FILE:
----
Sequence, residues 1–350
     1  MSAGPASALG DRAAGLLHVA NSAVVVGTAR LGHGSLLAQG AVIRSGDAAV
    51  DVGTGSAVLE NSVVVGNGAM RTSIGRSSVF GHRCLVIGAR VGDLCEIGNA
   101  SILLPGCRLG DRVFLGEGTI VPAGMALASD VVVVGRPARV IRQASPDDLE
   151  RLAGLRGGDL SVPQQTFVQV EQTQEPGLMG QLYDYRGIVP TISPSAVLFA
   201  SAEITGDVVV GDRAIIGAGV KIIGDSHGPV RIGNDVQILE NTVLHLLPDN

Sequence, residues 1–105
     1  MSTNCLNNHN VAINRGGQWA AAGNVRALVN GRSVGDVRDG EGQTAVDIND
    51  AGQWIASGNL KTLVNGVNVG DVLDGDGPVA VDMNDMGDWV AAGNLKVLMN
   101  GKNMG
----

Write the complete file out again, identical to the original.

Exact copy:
Sequence, residues 1–350
     1  MSAGPASALG DRAAGLLHVA NSAVVVGTAR LGHGSLLAQG AVIRSGDAAV
    51  DVGTGSAVLE NSVVVGNGAM RTSIGRSSVF GHRCLVIGAR VGDLCEIGNA
   101  SILLPGCRLG DRVFLGEGTI VPAGMALASD VVVVGRPARV IRQASPDDLE
   151  RLAGLRGGDL SVPQQTFVQV EQTQEPGLMG QLYDYRGIVP TISPSAVLFA
   201  SAEITGDVVV GDRAIIGAGV KIIGDSHGPV RIGNDVQILE NTVLHLLPDN

Sequence, residues 1–105
     1  MSTNCLNNHN VAINRGGQWA AAGNVRALVN GRSVGDVRDG EGQTAVDIND
    51  AGQWIASGNL KTLVNGVNVG DVLDGDGPVA VDMNDMGDWV AAGNLKVLMN
   101  GKNMG